Controversial British judge James Pickles dies at 85
James Pickles, an outspoken and controversial judge who didn't shy from insulting Britain's legal establishment, has died. He was 85.
Pickles, who had been ill for some time, died Saturday at his home in Halifax, northern England, his family said Wednesday.
Pickles, who was appointed a circuit judge in 1976, survived on the bench despite describing the lord chancellor, England's top law officer, of being a "brooding quixotic dictator" and calling another senior jurist a "dinosaur."
"I am the human face of the judiciary, unlike the majority who adopt a Trappist-like silence," said Pickles, who after retiring vented his opinions as a newspaper columnist and wrote a raunchy novel.
He once famously asked in court, "Who are the Beatles?"
In 1985, Pickles accused the lord chancellor, England's senior judge, of being a "brooding quixotic dictator" born with a golden spoon in his mouth. Pickles survived demands for his resignation, and the episode led to a relaxation of rules which had forbidden judges from making comments on public issues.
Pickles was embroiled in controversy in 1990 when he sentenced a young mother to prison with her child, saying he wanted to discourage women from becoming pregnant to avoid jail.
"I don't say you deliberately became pregnant to avoid prison. But I have to consider that others might," he said, sentencing the woman to six months in prison.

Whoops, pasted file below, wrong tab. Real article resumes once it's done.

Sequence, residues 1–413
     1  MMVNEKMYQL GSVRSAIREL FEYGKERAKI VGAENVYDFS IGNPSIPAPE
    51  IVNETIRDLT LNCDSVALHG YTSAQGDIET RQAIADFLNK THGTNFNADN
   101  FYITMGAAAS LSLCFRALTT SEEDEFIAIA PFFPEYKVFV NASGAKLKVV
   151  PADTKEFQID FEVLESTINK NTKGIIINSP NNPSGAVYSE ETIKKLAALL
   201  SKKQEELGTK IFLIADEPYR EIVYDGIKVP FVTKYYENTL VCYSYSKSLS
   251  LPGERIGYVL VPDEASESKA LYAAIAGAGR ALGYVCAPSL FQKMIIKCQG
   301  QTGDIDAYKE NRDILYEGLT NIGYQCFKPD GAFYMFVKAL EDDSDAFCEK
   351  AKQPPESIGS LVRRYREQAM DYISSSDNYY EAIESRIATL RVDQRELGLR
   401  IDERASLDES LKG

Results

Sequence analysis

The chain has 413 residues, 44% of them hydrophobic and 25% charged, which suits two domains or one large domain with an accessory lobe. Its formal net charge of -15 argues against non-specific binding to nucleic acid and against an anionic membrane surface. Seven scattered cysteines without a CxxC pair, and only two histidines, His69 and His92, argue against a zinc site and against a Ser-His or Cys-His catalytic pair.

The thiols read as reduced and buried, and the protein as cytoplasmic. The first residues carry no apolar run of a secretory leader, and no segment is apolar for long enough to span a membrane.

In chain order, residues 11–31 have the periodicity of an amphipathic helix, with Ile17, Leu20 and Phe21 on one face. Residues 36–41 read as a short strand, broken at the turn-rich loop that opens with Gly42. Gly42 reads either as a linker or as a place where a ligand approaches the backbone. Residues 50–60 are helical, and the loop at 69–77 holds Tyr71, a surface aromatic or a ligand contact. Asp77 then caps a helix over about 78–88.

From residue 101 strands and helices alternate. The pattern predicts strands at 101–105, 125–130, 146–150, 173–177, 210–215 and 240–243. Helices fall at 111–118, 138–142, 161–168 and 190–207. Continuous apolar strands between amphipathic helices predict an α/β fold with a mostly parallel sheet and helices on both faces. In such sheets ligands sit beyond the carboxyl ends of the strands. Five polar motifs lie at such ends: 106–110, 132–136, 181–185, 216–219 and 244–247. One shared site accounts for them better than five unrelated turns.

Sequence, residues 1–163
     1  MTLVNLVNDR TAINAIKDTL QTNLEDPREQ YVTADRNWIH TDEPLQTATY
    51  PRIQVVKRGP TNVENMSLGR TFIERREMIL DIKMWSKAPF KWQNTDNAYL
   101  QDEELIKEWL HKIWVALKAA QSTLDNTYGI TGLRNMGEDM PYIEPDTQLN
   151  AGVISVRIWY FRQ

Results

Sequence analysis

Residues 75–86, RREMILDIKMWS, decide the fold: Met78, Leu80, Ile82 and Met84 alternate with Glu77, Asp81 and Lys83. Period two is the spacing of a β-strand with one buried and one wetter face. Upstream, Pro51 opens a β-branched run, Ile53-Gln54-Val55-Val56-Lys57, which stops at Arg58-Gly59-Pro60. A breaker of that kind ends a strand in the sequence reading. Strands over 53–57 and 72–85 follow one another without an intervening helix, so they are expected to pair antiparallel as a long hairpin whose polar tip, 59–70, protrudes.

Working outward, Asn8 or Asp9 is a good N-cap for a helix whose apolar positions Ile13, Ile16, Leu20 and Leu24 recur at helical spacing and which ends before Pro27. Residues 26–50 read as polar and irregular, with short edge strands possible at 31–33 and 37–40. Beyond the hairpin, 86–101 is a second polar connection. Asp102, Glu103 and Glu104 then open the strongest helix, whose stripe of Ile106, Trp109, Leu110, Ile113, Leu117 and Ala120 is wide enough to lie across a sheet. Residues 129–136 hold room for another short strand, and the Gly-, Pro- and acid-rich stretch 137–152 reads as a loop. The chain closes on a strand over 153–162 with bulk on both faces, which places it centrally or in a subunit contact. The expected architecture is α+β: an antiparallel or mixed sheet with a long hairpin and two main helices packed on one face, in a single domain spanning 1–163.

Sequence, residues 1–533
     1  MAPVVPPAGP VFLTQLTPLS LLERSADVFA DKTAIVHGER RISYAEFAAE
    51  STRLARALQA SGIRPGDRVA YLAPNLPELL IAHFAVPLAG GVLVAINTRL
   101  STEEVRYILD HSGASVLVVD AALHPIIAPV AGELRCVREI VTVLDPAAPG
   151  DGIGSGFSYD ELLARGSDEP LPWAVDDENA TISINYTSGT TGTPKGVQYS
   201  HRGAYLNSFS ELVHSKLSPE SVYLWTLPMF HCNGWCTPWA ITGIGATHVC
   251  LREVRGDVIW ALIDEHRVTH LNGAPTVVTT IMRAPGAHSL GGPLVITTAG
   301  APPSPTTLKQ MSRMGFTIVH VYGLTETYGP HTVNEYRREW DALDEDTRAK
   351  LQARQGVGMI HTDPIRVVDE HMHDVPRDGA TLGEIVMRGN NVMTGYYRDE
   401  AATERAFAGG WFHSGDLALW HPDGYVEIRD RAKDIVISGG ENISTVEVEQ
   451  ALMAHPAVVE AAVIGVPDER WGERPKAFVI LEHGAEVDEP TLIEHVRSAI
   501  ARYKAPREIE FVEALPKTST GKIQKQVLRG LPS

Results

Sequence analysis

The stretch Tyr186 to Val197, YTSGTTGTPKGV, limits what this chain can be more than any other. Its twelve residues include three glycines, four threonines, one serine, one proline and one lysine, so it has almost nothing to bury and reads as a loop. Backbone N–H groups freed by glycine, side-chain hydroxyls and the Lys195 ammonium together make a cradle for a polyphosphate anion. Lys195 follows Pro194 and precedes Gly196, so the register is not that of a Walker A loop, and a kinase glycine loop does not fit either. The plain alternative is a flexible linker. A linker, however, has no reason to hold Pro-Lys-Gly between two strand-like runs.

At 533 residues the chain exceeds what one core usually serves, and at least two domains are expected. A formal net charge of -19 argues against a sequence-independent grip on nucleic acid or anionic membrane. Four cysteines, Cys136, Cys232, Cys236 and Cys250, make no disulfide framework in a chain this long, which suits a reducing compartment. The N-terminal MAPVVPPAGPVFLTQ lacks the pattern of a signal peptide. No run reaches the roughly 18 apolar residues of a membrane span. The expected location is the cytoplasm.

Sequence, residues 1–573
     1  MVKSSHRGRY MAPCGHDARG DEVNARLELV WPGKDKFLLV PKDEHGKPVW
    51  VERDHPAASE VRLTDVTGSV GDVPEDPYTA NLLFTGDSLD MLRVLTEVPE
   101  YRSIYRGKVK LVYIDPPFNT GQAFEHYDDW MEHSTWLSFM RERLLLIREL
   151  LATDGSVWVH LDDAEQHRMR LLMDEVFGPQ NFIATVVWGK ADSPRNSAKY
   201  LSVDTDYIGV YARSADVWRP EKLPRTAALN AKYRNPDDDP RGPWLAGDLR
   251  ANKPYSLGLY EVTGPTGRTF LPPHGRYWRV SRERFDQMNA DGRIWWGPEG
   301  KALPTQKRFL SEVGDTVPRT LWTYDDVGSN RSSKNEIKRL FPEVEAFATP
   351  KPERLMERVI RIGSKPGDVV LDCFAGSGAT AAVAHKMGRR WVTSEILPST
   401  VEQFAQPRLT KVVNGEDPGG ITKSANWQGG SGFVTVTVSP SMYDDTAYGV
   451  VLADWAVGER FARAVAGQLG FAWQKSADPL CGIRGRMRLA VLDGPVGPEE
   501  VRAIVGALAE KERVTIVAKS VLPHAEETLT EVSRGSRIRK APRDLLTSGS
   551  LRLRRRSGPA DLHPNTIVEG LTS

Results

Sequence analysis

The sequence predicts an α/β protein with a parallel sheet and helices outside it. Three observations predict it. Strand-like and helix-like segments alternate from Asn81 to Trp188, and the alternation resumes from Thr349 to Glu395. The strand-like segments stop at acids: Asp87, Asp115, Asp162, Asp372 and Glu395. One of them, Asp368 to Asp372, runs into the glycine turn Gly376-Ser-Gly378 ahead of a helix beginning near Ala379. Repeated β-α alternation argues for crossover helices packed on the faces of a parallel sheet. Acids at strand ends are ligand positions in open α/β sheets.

She was released by an appeals court after two weeks.
Pickles responded by calling a news conference in a pub, where he described the senior appeals judge, Lord Lane, as "a dinosaur living in the wrong age."
The woman, a supermarket checkout clerk, had allowed friends to go through without paying. Pickles did not sentence the friends to jail.
Pickles retired in 1991, and became a columnist for the Sun, Britain's biggest mass-market daily tabloid. He later moved to the Daily Sport, a paper featuring soft porn and fanciful headlines such as "Hitler Was a Woman," "Aliens Turned Our Son into a Fish Finger" and "Donkey Robs Bank."
While still a judge in 1987, Pickles authored "Straight From the Bench," a book in which he advocated legalized prostitution and described pornography as something "most men have some interest in."
"Judge for Yourself," published in 1992, was a further defense of his legal career. The following year he turned to sexy fiction in "Off the Record."
Pickles' wife, Sheila, died in 1995. He is survived by two sons and daughters Carolyn Pickles, a British-based actress, and Christina Pickles, based in the United States, who appeared as the mother of Ross and Monica Geller in "Friends."
-- Associated Press